An Asian immigrant in New York died last week after he was left in a coma from a brutal assault in April that police said was a hate crime, authorities said.
The man, Yao Pan Ma, was pushing a grocery cart full of bottles and cans that he had picked up on April 23 when he was suddenly approached from behind and attacked in East Harlem. He fell to the sidewalk, was kicked in the head and trampled multiple times, police said.
Mr. Ma, 61, was hooked up to a ventilator and remained hospitalized since the assault occurred near 125th Street and Third Avenue. He had severe head injuries and was bleeding from the brain, authorities said.
The man arrested in the attack, Jarrod Powell, 49, was charged with attempted murder and two counts of assault as a hate crime at the time. The Manhattan district attorney’s office said Saturday that enhanced murder charges were expected to be filed.
Ma’s death on December 31 came at the end of a year in which similar unprovoked attacks on Asians sparked fear and sparked protests in New York and across the country.
The New York Police Department received 128 reports of hate crimes against Asians as of the end of November. That represented a sharp increase from the 28 that were recorded during that period in 2020. Community groups have said anti-Asian attacks have not been reported for a long time due to language barriers and mistrust of the police.
Mr. Powell was arrested days after the attack. Police found him in a shelter where he had lived for about 10 months, according to court documents. An attorney for Powell could not be immediately located on Saturday.
Powell denied “having any problems with Asians” in interviews with officers, according to court records. He said two men, one Korean and one Japanese, had robbed him the day before the attack, but did not call 911 or offer physical descriptions other than his ethnic origin, according to the documents.
Powell claimed that Ma was one of the men, according to the documents. He said he saw him on the street the next day and that he had been verbally provoked. When Mr. Ma fell to the ground, Powell said he thought, “I’m not going to let him get up” and started kicking him, the documents say.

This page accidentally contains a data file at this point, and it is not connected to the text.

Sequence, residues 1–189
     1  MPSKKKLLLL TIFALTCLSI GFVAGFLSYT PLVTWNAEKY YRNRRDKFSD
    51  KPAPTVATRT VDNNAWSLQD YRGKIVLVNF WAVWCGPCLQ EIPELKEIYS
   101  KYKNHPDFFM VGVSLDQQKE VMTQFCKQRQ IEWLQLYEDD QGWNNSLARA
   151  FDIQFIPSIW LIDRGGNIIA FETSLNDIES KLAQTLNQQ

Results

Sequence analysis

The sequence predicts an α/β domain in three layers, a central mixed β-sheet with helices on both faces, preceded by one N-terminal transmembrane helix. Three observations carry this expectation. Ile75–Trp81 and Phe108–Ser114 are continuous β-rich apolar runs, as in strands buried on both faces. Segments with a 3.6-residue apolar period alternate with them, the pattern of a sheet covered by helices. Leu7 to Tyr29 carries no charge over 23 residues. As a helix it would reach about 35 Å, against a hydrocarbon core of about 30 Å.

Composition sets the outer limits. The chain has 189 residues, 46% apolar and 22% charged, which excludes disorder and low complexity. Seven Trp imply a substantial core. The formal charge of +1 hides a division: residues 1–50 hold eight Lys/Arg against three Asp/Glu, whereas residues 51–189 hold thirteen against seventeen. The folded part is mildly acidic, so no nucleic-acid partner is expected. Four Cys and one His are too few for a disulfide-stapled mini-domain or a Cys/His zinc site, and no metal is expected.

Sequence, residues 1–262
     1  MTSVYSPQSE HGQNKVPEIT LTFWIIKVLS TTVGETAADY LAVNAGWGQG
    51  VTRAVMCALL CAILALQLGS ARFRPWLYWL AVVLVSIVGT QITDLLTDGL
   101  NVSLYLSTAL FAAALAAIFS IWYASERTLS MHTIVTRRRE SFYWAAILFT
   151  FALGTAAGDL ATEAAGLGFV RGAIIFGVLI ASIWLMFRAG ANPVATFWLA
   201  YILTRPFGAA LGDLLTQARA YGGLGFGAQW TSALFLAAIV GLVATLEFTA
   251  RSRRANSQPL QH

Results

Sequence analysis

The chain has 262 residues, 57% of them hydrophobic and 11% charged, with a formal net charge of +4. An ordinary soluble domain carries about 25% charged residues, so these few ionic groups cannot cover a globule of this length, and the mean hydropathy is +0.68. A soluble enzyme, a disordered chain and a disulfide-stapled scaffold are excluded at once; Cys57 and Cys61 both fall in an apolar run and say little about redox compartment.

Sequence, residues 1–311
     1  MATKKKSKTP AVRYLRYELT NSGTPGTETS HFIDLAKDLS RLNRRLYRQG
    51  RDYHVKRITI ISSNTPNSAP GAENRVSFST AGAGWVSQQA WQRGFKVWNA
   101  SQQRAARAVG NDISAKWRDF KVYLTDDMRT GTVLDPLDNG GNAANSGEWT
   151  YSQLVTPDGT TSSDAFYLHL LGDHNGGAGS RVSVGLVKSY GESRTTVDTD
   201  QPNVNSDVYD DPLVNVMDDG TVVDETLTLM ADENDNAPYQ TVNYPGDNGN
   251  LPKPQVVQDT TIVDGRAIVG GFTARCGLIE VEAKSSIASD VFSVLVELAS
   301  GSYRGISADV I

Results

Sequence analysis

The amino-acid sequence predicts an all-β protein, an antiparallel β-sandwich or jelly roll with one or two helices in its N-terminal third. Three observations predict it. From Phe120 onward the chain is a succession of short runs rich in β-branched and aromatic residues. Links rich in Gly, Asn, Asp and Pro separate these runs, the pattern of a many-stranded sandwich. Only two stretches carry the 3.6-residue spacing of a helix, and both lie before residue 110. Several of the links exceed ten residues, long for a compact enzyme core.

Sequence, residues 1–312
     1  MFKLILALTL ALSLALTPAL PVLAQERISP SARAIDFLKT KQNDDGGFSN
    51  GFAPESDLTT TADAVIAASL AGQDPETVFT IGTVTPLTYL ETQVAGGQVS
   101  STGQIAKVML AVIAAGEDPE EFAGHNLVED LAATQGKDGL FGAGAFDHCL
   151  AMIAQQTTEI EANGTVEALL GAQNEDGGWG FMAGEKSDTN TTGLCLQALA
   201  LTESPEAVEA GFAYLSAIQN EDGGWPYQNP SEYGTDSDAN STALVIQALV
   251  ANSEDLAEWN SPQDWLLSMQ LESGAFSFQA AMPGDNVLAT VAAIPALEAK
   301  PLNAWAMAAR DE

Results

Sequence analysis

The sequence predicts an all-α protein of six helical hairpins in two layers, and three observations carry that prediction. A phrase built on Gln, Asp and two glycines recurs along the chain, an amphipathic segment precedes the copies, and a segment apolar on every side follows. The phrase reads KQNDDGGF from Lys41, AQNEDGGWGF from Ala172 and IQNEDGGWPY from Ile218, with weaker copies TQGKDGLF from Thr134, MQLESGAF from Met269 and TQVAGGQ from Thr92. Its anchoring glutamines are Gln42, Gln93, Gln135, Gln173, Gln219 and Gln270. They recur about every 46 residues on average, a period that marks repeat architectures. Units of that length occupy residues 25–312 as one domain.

His next court appearance is scheduled for February 10.
In New York, to charge attacks like the one against Mr. Ma as hate crimes, prosecutors must show that the victims were targeted because of their race. Police said surveillance camera footage suggested that Mr. Ma and his attacker had not interacted prior to the assault, leading them to believe that he may have been the target due to his race.
Mr. Ma’s wife, Baozhen Chen, could not be reached on Saturday for comment. In the spring, she spoke to various local media outlets and said she feared her husband “would not make it” after the attack.
The couple moved to New York City around 2019 from China’s Guangdong province, leaving their two adult children behind. Ma had worked as a dessert chef in China, he told The Daily News, but lost his job at a restaurant in New York during the pandemic.
He was ineligible for unemployment benefits and began collecting cans on the street starting in September 2020, he said.
Ms. Chen, a home health aide, said that Mr. Ma called her regularly when he got home, to let her know that he had returned safely. She became concerned after he failed to call her on April night, when she later learned that he had been attacked.
“I was just trying to help the family,” Ms. Chen told The News. “He had no bad intentions. He would not cause problems with other people in his neighborhood. “
Michael Gold contributed to reporting.